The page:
By Jennifer Wallace

Some high schools in Ottawa that offer trades courses stopped by on Nov. 6 to Algonquin’s Perth Campus open house.

About 300 students are currently attending the college which offers specialized trades programs among others.

“One high school is visiting from Kanata today with around 80 to 90 students,” said Jon Holmes, a heritage and trades information staff member with the Woodroffe campus who was giving tours in Perth.

Nov. 6 was a lighter open house geared more towards high schools with trades programs, and a more detailed, in-depth open house taking place in Perth on Nov. 27 which more people will be attending.

Students found out about Perth’s unique programs such as heritage trades, customized construction work like timber framing and even learn about old stone houses current students are restoring.

“We often use very specialized wood, and all new technology including stop-saws in our programs here,” said Holmes.

As the years go on, Perth campus will have more designs throughout the college that the students have built or restored such as fire-place frames, wooden furniture and the stone wall masonry.

“I’m on hand today to meet and greet people and take others on tours if they’d like,” said Ben Smalley, a second-year student in heritage carpentry at Perth and employee for orientation activities.

Perth campus offers programs that can be taken outdoors too, such as traditional brick-laying, and renovating and restoring heritage homes in the carpentry program. Many of the things built on-site at the campus are dismantled there as well.

“We are facilitating an overview of the masonry program today: discussing the program, projects students work on and the job prospects in the field,” said Darrin MacDonald, a professor and coordinator for the masonry program at Perth.

“Last year we actually had 100 per cent employment from students that graduated from the Masonry program and most are now working on the parliament building,” said Holmes.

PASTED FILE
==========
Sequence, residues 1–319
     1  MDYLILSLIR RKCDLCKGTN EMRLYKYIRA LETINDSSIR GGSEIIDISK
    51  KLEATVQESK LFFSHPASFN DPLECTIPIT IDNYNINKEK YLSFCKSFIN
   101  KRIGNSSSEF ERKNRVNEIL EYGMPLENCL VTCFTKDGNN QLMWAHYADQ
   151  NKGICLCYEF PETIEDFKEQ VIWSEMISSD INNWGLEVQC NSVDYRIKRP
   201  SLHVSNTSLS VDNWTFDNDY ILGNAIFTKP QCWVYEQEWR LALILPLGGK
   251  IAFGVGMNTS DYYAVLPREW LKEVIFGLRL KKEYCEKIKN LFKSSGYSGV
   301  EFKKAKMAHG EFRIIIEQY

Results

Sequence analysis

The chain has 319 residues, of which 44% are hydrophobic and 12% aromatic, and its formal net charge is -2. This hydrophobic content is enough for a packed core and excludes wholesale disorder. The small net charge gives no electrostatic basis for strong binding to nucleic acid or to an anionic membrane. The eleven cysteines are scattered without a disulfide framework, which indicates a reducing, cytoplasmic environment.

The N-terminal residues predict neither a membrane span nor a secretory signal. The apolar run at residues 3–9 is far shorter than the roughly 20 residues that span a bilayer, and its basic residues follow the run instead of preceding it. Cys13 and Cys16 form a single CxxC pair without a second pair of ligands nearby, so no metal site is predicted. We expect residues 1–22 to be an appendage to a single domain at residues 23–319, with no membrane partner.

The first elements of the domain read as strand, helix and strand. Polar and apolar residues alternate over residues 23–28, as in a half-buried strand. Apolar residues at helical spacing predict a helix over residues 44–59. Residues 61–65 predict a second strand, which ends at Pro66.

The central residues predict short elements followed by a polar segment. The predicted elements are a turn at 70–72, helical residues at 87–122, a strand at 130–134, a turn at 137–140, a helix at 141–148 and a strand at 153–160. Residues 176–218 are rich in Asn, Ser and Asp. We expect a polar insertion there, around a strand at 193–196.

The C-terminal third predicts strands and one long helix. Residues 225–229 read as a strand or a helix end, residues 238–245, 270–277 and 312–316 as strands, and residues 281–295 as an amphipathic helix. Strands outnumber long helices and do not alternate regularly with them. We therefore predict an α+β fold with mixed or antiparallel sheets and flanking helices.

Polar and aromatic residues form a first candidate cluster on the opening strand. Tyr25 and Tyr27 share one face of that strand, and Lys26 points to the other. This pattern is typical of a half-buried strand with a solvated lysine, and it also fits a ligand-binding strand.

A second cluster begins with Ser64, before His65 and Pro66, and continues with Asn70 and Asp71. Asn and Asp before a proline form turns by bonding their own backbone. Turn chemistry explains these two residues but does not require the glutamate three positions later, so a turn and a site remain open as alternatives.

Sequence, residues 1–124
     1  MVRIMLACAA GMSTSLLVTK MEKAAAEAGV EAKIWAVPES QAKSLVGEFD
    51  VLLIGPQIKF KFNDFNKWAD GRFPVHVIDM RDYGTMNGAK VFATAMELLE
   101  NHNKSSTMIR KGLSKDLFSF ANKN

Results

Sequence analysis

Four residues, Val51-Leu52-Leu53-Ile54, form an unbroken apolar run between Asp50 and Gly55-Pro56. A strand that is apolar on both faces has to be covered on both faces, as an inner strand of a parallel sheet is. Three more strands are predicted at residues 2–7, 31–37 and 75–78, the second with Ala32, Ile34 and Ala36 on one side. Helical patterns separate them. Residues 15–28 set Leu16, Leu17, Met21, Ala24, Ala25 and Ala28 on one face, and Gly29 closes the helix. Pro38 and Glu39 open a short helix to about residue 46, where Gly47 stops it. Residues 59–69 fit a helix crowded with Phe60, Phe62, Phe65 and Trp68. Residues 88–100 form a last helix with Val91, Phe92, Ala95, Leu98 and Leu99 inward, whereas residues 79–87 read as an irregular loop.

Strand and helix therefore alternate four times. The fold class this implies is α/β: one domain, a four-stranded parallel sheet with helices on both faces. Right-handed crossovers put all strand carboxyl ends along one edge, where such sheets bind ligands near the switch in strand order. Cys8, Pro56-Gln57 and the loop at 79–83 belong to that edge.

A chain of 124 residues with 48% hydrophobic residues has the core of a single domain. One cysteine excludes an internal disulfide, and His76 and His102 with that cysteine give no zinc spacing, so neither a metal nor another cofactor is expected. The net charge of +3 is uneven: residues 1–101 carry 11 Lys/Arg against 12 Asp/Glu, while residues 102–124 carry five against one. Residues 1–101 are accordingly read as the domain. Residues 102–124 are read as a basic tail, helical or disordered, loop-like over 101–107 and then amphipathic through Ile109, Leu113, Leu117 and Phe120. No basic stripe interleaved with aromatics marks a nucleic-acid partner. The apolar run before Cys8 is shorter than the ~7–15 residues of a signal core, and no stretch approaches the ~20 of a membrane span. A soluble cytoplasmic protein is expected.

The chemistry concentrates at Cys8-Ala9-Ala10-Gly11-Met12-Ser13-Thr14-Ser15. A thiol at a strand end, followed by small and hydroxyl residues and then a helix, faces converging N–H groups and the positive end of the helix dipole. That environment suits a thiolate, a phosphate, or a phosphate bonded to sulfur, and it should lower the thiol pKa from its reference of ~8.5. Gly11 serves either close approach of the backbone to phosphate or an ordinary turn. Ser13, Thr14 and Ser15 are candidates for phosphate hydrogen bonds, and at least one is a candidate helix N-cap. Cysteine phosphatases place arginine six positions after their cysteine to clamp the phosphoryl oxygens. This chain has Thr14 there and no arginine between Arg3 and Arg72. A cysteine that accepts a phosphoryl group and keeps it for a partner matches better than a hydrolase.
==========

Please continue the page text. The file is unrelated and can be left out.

Not surprisingly, many students from the trades programs at Perth are selected for the Mike Holmes Bursary awards from the Holmes foundation for their exceptional work. They are each individually awarded $1,500. These awards are designed to encourage students to complete their education in the trades.

“People that come to the open house either like history or like working in the shops or someone in their families been involved in the trades,” MacDonald said.

If people aren’t impressed, outside the college a stone wall is in progress of being built; they eventually plan on building it around the whole college. Each year the students add a bit more to the stone wall and have been taught how to build the wall in a way that doesn’t require anything to hold the stones together.

The college also offers a new fitness centre and they even have a special humidified room in their library with all of the city of Perth’s archives stored at the college.

Students visiting the open house were are not limited to free coffee and snacks.

“If there’s enough time, we will actually let them lay bricks, which is less boring than talking about the history of masonry,” said MacDonald.

“There’s less students here this year than last year,” said Jade Canough, a second-year student in early childhood education at Perth’s open house.

Perspective students interested in Perth’s programs came from as far as the Ottawa Valley.